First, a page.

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The Important Differences between Basic, Broad and Special Form Coverage

September 18, 2012

When you purchase homeowner’s, commercial property or renter’s insurance, you typically have a choice of three different levels of coverage: Basic, Broad and Special. The difference between these coverage forms isn’t well understood by many property owners and confusion on this topic can lead to large or unexpected gaps in coverage. In this blog post, we’ll explain how to read Basic, Broad and Special Form coverage options and talk a little about what makes each one unique. Our hope is that, by providing this information, we can help you make decisions about which of these coverage options is the best fit for your home or business.

Basic Form

Basic Form, as its name suggests, is the least comprehensive of the three coverage options. The important thing to note about reading Basic Form policies is that they cover only named perils. This means that if a coverage is not specifically named in the policy, there is no coverage. If something happens to your home or business that’s not on the list, you’re not covered.  A Basic Form policy tends to be quite limited in scope and should be used with care.

Coverages included in a typical Basic Form policy are:

•  Fire
•  Lightning
•  Windstorm or Hail
•  Explosion
•  Smoke
•  Vandalism
•  Aircraft or Vehicle Collision
•  Riot or Civil Commotion
•  Sinkhole Collapse
•  Volcanic Activity

Broad Form

Broad Form coverage is more expansive than Basic Form coverage. It includes coverage for all the hazards included in a Basic Form policy plus several additional hazards which are expressly named. Like with a Basic Form policy, a Broad form policy covers only named perils. Again, if a coverage is not specifically named in the policy, that coverage is excluded. Fortunately, the Broad Form is designed to cover the most common forms of property damage.

Coverages included in a typical Broad Form policy (in addition to what’s covered by the Basic Form) are:

•  Burglary/Break-in damage
•  Falling Objects (like tree limbs)
•  Weight of Ice and Snow
•  Freezing of Plumbing
•  Accidental Water Damage
•  Artificially Generated Electricity

Special Form

Special Form coverage is the most inclusive of the three options. The trick with Special Form policies is that they should be read differently from how you would read a Basic or Broad Form policy. In a Special Form policy, instead of the document listing what’s covered, all perils are covered except for the exclusions specifically enumerated in the policy. In this sense, reading a Special Form policy is kind of like the opposite of reading a Basic or Broad Form policy. All unlisted perils are covered perils. This can be extremely beneficial to the insured since Special Form coverage makes allowances for the kinds of screwball hazards one might never expect. However, if something happens to your home or business, and it is on the list, the policy will provide no coverage.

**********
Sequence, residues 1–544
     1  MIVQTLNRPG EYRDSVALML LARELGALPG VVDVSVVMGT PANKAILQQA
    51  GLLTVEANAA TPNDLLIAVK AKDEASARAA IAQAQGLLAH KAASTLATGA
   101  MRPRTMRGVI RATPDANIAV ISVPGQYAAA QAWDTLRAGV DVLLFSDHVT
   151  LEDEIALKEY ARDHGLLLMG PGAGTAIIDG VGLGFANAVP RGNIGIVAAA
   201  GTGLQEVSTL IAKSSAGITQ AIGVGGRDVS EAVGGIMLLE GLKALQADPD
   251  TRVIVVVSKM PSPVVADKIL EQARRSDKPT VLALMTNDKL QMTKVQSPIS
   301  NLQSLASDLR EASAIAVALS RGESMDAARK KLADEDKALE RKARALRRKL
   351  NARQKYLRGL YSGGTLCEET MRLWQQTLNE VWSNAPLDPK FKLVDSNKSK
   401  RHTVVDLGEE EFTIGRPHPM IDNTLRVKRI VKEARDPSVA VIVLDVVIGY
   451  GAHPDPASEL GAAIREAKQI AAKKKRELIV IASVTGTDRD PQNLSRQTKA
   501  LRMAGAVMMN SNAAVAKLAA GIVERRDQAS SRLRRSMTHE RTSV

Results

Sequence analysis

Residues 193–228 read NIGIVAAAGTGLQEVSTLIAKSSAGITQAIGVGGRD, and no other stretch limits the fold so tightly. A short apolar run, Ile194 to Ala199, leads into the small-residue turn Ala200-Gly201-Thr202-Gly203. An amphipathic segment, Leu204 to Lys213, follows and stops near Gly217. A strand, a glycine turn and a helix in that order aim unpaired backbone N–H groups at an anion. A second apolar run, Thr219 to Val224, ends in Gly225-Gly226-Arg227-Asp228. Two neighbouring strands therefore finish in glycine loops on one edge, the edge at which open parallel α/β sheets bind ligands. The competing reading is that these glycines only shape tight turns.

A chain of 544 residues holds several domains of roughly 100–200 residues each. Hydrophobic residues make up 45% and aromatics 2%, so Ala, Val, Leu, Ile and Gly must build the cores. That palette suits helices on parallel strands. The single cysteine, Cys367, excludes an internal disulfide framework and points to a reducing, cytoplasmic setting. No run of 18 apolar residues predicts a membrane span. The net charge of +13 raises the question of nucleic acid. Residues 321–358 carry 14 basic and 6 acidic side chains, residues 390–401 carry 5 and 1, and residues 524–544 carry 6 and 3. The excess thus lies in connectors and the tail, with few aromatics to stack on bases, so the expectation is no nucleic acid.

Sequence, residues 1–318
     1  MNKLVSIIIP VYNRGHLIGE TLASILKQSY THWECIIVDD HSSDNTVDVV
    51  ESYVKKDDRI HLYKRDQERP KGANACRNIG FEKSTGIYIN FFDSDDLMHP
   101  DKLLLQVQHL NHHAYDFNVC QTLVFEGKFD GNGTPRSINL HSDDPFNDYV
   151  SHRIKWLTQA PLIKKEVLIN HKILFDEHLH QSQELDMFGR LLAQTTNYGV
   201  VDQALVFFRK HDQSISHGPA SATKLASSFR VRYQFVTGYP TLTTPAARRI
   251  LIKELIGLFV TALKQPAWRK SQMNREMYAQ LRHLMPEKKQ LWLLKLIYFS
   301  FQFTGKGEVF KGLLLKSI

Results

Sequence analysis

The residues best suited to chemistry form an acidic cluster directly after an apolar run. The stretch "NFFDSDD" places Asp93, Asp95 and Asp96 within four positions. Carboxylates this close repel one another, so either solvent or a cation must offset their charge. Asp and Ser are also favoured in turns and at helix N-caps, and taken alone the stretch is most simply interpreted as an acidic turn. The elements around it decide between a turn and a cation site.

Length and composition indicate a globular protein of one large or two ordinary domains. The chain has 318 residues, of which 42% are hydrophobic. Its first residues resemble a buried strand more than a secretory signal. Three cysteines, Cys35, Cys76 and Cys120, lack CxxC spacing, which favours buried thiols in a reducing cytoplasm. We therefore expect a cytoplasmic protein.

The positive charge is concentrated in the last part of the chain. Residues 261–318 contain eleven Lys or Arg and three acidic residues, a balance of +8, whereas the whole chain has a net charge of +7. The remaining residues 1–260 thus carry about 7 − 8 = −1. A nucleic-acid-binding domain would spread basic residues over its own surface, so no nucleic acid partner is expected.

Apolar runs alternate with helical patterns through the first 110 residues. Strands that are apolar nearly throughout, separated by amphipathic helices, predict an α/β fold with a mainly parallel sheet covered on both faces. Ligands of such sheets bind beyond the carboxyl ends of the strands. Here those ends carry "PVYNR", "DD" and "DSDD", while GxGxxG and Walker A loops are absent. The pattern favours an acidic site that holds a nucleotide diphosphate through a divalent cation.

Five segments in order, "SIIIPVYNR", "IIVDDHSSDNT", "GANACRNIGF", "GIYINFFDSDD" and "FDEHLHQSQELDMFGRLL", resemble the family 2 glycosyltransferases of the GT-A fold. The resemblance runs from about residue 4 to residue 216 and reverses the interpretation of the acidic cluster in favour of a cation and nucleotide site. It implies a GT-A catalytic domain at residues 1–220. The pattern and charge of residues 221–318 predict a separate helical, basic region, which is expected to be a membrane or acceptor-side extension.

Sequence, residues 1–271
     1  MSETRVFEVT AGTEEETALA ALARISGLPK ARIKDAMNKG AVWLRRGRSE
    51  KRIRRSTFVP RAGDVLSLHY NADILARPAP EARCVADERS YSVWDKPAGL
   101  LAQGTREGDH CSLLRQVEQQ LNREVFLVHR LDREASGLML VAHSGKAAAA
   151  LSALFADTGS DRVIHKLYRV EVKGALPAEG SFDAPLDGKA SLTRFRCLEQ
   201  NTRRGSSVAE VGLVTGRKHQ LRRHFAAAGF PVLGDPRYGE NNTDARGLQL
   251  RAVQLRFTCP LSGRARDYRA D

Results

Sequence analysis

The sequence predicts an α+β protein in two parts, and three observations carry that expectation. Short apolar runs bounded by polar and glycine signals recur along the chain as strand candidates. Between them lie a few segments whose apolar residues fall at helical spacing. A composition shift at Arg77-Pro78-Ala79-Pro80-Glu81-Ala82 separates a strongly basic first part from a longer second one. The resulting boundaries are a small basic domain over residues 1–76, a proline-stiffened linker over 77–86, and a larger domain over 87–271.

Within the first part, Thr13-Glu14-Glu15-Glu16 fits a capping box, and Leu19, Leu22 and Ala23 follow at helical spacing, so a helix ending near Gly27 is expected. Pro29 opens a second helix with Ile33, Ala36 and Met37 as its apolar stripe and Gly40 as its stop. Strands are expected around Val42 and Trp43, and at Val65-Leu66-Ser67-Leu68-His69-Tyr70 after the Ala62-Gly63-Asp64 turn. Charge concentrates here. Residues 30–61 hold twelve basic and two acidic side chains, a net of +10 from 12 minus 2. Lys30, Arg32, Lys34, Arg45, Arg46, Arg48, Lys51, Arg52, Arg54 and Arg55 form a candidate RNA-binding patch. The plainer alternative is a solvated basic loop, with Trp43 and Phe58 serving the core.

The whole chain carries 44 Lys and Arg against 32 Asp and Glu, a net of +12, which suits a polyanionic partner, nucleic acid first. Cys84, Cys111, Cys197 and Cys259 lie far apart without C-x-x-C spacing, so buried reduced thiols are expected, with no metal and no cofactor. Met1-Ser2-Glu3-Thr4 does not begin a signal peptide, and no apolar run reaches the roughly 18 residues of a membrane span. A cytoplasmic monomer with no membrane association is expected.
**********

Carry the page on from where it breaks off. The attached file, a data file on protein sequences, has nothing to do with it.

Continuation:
Everything is typically covered under a Special Form policy, except for these common exclusions:

•  Ordinance of Law
•  Earthquake
•  Flood
•  Power Failure
•  Neglect
•  War
•  Nuclear Hazard
•  Intentional Acts

The big takeaway here is that you should carefully read the TYPE of policy form you have and carefully review the listed (or excluded) perils.  In any property policy, make sure you understand which risks are covered and which are excluded. You don’t want to find out too late that your home or business isn’t covered against a suffered loss. The language in Basic, Broad and Special Form coverage options can be particularly confusing. When making these types of decisions, we’d encourage you to speak to an independent insurance agent or contact a carrier directly in order to ensure you’re pursuing the best product for your business. You can find more information on Basic, Broad and Special Form coverage options on IRMI’s online index of insurance terms.

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2 Comments
  1. Jack J. Bachmann permalink

    Is “Special” coverage replacement cost coverage.

    • The term “Special” refers to the type of coverages included on a policy. For example, a policy may include wind/hail damage. Replacement Cost is a term associated with the valuation method of a policy. A homeowner policy is usually written to replace damages based on Replacement Cost. Older homes are often written on Actual Cash Value (ACV) which means the property is depreciated.

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